Set the tone and create group culture
1. Group culture
In session 1, we talk through how to set some group guidelines so a culture is created where people feel comfortable to share and discuss. Three basic principles can really help with this:
o Thank people for sharing
o Let your group know that if something doesn’t feel right to share, it’s better not to. (if in doubt don’t.)
o Give people the flexibility to engage at the level they want to. It’s okay to not have the ‘right’ answer or for people to say ‘they don’t want to answer’. There is no pressure, requirement or obligation.
Offering hospitality is a great way to create this culture. If you’re hosting in-person, room layout, music and food or drink can help people feel relaxed. If you’re hosting online, be friendly on chat as participants arrive. Always allow a little time at the start of the session for participants to chat, encouraging humour and space for them to decompress.
Each session is designed to be run in 90 minutes. You may want to extend the time to allow for more informal catching up at the start.
2. Engage with the issues
Although Difference isn’t issue-based and doesn’t focus on one specific divide or fracture, the aim is that through the act of listening to stories and reflecting on experiences you will create an opportunity to consider the issues that are most important for you and your wider community. These could relate to race, class, gender, climate justice or other issues.
Engaging well with these issues means welcoming people’s experience and story. We often steer away from difficult conversation and disagreement but try not to close down a space where different views are shared – welcome lively conversations with respectful sharing of different perspectives.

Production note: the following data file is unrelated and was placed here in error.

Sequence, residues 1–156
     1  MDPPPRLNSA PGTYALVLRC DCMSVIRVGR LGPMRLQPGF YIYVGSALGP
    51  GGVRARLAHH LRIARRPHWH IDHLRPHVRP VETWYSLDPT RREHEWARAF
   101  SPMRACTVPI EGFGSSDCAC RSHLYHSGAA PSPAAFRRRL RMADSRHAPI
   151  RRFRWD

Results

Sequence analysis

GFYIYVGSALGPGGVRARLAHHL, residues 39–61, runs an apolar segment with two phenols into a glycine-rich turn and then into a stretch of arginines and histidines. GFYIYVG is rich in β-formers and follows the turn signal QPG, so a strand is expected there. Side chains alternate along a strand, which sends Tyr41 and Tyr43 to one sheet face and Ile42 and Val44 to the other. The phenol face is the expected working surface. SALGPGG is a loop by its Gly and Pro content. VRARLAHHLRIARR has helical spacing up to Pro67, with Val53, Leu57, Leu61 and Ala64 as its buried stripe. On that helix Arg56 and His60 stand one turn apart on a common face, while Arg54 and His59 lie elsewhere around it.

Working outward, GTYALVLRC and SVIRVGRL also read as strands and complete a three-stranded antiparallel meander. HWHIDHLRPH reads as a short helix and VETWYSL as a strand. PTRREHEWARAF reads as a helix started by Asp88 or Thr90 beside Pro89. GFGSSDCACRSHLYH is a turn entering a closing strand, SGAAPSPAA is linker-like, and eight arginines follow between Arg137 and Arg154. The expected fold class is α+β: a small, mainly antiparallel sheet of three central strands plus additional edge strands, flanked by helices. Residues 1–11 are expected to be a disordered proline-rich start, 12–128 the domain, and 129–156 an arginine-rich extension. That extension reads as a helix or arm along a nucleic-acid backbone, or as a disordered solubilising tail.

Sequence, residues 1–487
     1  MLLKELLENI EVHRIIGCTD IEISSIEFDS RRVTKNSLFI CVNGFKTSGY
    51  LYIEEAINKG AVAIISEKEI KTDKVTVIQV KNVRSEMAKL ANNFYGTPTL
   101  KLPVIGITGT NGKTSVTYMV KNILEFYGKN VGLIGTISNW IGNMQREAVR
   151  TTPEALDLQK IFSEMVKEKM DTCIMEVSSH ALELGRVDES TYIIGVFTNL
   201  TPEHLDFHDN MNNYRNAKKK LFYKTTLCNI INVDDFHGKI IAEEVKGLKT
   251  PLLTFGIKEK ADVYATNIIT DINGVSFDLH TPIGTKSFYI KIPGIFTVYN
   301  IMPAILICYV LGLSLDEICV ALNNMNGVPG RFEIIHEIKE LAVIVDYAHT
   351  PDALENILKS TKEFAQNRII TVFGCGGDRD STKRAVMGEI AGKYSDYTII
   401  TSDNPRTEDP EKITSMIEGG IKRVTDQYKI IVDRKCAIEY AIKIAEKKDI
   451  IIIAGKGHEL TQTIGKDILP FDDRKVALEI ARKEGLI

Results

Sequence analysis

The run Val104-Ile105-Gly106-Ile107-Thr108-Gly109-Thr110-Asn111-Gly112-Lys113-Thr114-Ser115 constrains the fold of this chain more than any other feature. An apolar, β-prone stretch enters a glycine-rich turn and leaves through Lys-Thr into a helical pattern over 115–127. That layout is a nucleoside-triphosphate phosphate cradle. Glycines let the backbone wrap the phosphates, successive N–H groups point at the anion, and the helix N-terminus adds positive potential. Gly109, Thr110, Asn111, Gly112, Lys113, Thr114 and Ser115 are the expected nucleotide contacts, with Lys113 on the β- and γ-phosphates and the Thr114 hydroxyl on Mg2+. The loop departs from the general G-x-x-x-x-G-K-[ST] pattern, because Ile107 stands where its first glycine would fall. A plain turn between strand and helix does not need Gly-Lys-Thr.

If a discussion begins to take over a session, ask participants to pause, thank them for engaging so honestly and suggest you revisit it after the session. You could meet with them individually or together if that gives more space to listen, and you could revisit the issue as a group at the Re-Gathering after the final session
3. Model the habits
The best way for your participants to understand the habits is to see you model them as you host. Here are some ideas to get you started:
– Let all your participants know that they are valued by opening up space for them to share, while ensuring no one feels under any pressure to do so
– You don’t need to have all the answers – modelling humility and asking questions is really powerful
– Model good listening with your group, avoiding distraction
– Model appropriate vulnerability – bringing something of your own story can be really important in giving your group permission to share
– Invite God to be at work in your course – the possibilities that God could open up through this course are endless!
– People may surprise you in their willingness to participate or the impact of a session on them, so prepare to adapt.